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March 27, 2013 11:27 AM Adapting to Climate Change and the 2014 Winter Olympics

By Matthew Kahn

Sochi, Russia knows what happens when temperatures rise above 32 degrees F. The Winter Olympics is less fun in the slush. Anticipating this challenge could arise at the 2014 Winter Olympics, the Olympic organizers have a contingency plan.

There is a plan, and it does not include helicopters and hay bales. Sochi organizers, fully aware of the problems in Vancouver, have installed what they say is the biggest snowmaking operation in Europe. More than 400 snowmaking cannons, each looking a bit like a jet engine, are continually spitting streams of crystals for next year’s Olympics.
On the advice of a Finnish company called Snow Secure, the goal this season is to stockpile 500,000 cubic meters of snow into 10 shady pockets above the venues. The massive piles will be covered by insulated blankets, not unlike giant yoga mats, to protect them from the heat of summer.
Up to half of the saved snow may melt by next winter, but the site managers said they could conduct the Olympics even in the unlikely event that no natural snow falls next winter.”

Anticipating a challenge, free markets have delivered a partial solution. This dance step will be seen again and again in our hotter future. This is why I wrote Climatopolis.

[Originally posted at The Reality-based Community]

Matthew Kahn is a professor at the University of California, Los Angeles's Institute of the Environment. He specializes in the environmental consequences of urban growth and related quality-of-life issues.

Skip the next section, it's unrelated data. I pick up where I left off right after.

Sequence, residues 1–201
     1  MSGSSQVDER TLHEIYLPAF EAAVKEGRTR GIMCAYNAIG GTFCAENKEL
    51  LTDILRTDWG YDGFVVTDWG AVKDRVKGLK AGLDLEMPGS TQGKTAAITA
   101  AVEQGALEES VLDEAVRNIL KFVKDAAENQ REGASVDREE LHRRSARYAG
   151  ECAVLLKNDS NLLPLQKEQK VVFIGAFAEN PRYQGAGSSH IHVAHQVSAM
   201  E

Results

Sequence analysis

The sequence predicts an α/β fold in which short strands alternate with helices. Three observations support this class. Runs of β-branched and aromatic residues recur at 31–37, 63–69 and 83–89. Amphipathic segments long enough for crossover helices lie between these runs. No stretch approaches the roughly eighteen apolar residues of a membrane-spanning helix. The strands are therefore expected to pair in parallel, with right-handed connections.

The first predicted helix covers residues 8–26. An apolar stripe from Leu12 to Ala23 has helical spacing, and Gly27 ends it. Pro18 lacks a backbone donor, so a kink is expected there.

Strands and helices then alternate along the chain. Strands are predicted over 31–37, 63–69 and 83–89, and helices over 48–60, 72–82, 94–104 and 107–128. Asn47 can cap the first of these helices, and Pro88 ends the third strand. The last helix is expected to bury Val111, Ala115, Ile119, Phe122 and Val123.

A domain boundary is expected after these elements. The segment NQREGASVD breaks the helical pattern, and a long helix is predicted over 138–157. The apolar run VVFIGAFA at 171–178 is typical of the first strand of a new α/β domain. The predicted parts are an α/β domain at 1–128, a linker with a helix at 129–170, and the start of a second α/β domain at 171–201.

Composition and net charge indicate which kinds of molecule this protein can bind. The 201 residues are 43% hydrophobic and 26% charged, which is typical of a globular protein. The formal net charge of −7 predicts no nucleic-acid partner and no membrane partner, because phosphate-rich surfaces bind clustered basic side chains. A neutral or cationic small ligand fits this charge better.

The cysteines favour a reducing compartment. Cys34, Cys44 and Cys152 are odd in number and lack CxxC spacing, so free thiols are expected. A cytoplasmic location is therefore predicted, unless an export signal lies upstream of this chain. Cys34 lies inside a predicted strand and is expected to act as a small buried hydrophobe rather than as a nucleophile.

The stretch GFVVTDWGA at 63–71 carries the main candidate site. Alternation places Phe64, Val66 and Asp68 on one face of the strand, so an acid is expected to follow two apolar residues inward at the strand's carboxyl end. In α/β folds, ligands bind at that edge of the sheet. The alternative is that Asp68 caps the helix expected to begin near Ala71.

Comments

  • Anonymous on March 27, 2013 9:10 PM:

    Anticipating a challenge, free markets have delivered a partial solution.

    It's an arrogant solution at best, if not downright asinine. Too much carbon melting the snow? Burn a bunch more to make fake snow in the heat of summer. Shit like this is why the species is headed for a deserved extinction.

    I don't have any fancy economics degrees, but common sense suggests that your premise for Climatopolis is faulty. A wildly fluctuating climate will likely favor small pockets of civilization, groups of people that are closer to nature and capable of living off the land. Cities are likely to be too top heavy, too dependent on outside resources, and too vulnerable to supply line interruption. Societal norms that we've become accustomed to are likely to crumble when the going gets rough. Anyway, I guess we'll soon find out who's right.